This review page is supported in part by the sponsors whose ad banners are displayed below

Writer: Vilosh Brito
Source: Sony XA 777ES CD/SACD player, Apple MacBook Pro, Apogee Duet 2 DAC/ADC
Preamp: Audio Research LS 26 Mk II
Power amplifier: Bryston 4BSS
Speakers: Martin Logan Ascent i on granite plinths
Stands: Welded metal stand with granite shelves
Powerline conditioning: PS Audio Power Plant Premier AC Regenerator, Blue Circle Audio Sillycone 12X filter
Cabling: Nordost Valhalla and Wireworld Equinox 6 Interconnects, Wireworld Equinox 6 speaker cables, Wireworld Aurora 5 Power cables
Sundry accessories: Cardas caps, Audio Exclusiv Silent plugs and Audio Revive Grounding Conditioner on preamp, Shunyata dark field elevators under speaker cables and interconnects, Audio Revive Schuman generator. Cork/rubber footers, Aurios Pro Max bearings. Laser distance finder to align speakers and Radio Shack sound level meter.
Room size: 4.9 x 3.9m dedicated listening room with brick walls and fitted carpet on concrete floor. Studiofoam wedges on rear wall (behind couch) and two on window, noise absorbing corner wedges on rear wall

Introduction. I have been an audiophile for many years and owned a variety of mid- to high-end components. My current components—CD player, preamp, power amp and speakers—have been the same for almost 9 years. But it wasn't until I moved into my current home 5 years ago that I had a dedicated listening room. This allowed me to use otherwise domestically unacceptable improvements. These include noise-absorbing wedges and panels to tune the room; and power conditioning which took the components to a much higher level of performance. Reading 6moons and having a digital subscription to the Abso!ute Sound has led me to cables and tweaks and a system which at least in my opinion is very musical and has high resolution.

I introduced the Apple MacBook Pro as a music server late last year and purchased the Apogee Duet 2 as DAC. Why the Duet 2? The Apogee is also an ADC. This has allowed me to record my daughter singing and playing acoustic guitar using Garage Band on the laptop. This short track has served as an ‘absolute’ reference whereby I determined that my system is on the warm side of neutral. I consider this a good thing since it reduces the harshness of digital and makes for long fatigue-free listening. The Apogee was always a stop-gap measure. I knew I would soon purchase a DAC with the resolution to match the rest of the system. When the Burson/Audeze reader reviews were announced, I jumped at the opportunity to review a DAC that had been awarded a Realsization award by Srajan. I was one of the fortunate ones to be selected - or should I say lucky since the names were drawn from a hat. This rather spoilt the tale I had concocted about the selection being based on my audiophile credentials. Which brings me to the point when FedEx delivered the box containing the Burson and Audeze on a sunny Friday afternoon.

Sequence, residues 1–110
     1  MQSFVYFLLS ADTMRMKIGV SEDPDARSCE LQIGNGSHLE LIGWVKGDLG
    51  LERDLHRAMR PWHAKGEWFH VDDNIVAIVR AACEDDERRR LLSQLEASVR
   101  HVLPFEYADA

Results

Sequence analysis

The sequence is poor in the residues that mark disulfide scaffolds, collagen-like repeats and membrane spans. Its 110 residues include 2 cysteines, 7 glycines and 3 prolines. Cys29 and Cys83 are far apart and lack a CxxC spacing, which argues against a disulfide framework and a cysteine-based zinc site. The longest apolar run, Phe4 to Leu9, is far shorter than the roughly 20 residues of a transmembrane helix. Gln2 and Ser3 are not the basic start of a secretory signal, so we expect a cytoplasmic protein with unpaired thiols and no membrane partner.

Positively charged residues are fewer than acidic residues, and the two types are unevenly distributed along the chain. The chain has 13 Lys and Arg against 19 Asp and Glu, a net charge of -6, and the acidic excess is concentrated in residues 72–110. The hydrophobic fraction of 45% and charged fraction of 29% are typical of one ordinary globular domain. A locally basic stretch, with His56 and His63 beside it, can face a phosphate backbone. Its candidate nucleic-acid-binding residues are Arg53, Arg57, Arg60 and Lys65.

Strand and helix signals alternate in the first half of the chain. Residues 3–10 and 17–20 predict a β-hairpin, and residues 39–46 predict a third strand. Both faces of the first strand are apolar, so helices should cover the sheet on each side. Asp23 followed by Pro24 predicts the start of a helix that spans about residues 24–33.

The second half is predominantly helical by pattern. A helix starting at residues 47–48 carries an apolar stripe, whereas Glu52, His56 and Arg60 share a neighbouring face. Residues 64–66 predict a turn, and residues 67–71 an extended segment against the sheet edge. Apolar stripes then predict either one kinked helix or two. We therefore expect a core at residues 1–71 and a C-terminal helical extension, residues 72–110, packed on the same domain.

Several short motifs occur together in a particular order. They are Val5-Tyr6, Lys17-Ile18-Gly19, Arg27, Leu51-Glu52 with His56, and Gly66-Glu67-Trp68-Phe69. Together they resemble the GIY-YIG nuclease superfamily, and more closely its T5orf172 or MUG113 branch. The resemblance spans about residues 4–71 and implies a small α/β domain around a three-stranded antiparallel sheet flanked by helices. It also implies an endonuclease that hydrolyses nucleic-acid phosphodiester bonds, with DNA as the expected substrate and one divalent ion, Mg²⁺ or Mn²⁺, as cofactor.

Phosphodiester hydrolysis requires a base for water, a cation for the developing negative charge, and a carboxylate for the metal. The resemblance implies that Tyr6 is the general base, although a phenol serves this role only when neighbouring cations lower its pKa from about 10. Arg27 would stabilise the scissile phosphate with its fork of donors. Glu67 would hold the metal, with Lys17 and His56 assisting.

The timing could not have been worse. The weekend was taken up by birthday parties and the Monday following saw the start of fairly extensive building work at my home. Trying to listen (critically or otherwise) while a digger with a hydraulic breaker is smashing concrete in the garden is impossible. A whole week went by before I finally had peace and quiet on the following weekend to begin my listening.

Preparatory work. Taking my duties as reviewer serious, I began by replacing the brace of H630 valves with matched sections in the preamp to ensure that it was at peak performance. I then selected CDs I have used over the years as my references.